JERUSALEM (JTA) — Some 45 illegal structures reportedly were demolished in an unrecognized Bedouin village in southern Israel.
About 1,300 police officers oversaw the demolition Tuesday by the Israel Land Administration in al-Arakib, near Rahat.
Ownership of the land is the subject of proceedings in the Beersheva District Court.
Activists and volunteers arrived from across Israel to join in nonviolent resistance, according to a coalition of organizations supporting the village.
The al-Arakib village existed for many years before the creation of the State of Israel in 1948. Residents who were evicted by Israel in 1951 returned to the land; their families are now living and farming there.
In a statement, the coalition claimed that the Jewish National Fund wants to plant a forest on the site. It called the village’s demolition a "criminal act."
"Bedouin citizens of Israel are not enemies, and forestation of the Negev is not a reasonable pretext for destroying a community which is more than 60 years old, dispossessing its residents, and violating the basic rights of hundreds of Israeli civilians, men, women and children," the statement said.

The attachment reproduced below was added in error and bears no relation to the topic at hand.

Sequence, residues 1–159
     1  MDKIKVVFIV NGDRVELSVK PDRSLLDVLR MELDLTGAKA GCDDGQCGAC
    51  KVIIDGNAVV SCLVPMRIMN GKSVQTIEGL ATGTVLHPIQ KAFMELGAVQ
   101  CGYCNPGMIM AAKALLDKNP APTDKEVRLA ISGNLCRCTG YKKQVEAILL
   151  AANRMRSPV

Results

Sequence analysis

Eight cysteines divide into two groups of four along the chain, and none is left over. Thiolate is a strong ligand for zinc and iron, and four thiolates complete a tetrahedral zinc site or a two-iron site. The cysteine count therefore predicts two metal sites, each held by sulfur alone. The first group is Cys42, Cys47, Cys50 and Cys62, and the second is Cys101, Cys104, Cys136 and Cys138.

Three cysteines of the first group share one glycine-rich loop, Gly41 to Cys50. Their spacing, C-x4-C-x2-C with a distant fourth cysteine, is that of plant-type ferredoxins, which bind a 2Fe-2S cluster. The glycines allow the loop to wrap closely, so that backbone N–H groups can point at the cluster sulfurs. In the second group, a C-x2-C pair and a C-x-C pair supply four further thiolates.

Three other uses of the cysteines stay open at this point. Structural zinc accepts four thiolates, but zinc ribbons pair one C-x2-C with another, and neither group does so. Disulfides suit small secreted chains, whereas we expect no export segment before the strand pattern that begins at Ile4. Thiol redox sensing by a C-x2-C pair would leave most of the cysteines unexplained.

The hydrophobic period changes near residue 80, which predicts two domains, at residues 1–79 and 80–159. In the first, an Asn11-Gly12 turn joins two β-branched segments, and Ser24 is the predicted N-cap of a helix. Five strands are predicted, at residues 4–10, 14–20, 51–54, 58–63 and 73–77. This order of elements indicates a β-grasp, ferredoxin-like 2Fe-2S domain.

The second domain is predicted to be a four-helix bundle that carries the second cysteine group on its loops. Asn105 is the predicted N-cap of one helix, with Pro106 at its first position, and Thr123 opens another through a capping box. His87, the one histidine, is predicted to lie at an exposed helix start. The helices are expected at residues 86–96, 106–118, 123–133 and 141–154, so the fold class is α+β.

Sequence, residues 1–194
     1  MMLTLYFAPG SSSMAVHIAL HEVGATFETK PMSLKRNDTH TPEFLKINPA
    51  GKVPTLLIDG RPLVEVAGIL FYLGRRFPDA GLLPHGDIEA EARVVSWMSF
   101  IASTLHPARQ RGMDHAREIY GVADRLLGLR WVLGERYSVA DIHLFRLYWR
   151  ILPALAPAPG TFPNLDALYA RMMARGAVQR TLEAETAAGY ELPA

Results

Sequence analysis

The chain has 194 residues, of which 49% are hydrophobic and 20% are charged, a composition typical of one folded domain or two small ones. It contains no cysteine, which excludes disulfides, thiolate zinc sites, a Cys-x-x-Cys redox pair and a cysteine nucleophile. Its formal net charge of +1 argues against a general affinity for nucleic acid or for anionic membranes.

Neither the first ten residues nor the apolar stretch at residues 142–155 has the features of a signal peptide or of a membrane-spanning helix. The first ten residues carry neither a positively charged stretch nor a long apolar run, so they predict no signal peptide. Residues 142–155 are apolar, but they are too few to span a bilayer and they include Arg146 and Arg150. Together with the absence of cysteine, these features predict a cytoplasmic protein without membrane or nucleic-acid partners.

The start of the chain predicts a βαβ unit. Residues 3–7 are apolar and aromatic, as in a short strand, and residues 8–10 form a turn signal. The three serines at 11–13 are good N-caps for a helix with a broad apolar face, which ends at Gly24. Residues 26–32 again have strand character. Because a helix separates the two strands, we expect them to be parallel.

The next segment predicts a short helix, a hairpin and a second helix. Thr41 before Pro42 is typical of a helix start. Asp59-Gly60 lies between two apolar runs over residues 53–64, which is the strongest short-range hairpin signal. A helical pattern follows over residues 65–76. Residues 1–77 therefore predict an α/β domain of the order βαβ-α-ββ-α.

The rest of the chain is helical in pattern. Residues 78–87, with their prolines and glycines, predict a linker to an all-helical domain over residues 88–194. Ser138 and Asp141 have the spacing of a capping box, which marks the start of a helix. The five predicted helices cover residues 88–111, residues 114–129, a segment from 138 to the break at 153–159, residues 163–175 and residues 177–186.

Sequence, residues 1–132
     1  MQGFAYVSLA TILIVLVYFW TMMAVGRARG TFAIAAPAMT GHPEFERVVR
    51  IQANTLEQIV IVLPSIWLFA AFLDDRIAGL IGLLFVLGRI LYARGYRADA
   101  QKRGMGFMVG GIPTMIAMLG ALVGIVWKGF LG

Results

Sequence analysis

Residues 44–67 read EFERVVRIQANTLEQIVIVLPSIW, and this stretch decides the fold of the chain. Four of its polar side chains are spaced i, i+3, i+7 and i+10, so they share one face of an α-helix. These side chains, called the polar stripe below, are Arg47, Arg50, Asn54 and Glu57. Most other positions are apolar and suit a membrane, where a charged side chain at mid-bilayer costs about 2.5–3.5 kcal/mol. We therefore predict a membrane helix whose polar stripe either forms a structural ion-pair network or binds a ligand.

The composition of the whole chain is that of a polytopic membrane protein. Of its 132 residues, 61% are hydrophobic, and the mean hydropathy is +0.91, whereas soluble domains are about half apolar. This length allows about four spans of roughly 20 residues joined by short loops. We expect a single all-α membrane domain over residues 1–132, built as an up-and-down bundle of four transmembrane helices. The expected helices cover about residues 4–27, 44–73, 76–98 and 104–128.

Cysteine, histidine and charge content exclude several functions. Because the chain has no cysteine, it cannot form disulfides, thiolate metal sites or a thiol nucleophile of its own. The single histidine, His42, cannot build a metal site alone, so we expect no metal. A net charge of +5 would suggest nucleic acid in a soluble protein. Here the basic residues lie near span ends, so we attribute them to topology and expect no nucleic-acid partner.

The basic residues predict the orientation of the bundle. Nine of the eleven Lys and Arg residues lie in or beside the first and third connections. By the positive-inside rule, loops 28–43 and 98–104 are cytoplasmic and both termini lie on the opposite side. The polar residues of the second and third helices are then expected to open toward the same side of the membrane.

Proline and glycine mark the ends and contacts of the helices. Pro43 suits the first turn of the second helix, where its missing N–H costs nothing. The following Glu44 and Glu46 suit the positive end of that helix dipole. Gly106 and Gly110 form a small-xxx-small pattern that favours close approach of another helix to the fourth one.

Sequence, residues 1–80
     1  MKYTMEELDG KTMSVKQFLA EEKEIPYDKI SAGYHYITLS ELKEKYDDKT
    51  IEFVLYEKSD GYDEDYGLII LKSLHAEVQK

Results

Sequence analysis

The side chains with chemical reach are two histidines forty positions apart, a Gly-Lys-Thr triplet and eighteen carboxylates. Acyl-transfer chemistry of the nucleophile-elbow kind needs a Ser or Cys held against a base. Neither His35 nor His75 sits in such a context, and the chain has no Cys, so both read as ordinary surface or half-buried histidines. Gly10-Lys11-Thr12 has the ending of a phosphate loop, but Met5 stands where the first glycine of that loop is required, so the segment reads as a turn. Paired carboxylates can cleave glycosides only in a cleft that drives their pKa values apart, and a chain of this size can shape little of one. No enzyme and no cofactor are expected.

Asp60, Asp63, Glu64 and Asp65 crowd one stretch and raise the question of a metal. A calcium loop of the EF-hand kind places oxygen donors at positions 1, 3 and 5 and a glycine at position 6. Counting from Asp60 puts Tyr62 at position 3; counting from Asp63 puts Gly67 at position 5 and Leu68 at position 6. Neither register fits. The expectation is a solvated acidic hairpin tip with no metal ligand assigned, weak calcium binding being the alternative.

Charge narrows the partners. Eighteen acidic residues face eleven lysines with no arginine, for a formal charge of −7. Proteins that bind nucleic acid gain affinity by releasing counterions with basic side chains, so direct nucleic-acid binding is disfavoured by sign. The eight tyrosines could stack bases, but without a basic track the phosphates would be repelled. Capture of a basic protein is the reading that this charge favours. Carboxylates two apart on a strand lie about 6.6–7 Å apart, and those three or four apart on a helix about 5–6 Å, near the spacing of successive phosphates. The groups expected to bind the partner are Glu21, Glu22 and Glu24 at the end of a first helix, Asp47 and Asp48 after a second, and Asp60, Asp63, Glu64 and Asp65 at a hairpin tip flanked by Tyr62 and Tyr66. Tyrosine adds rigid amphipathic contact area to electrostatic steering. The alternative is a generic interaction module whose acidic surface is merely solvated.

Shlomo Tziser, an official with the Land Administration’s Southern District, said that "the people who live here have homes in Rahat and Kfar Kassem," Ynet reported. "We are implementing a verdict for the evacuation of the area which has passed all legal instances. Today we shall evacuate them, and should they return we’ll do it again."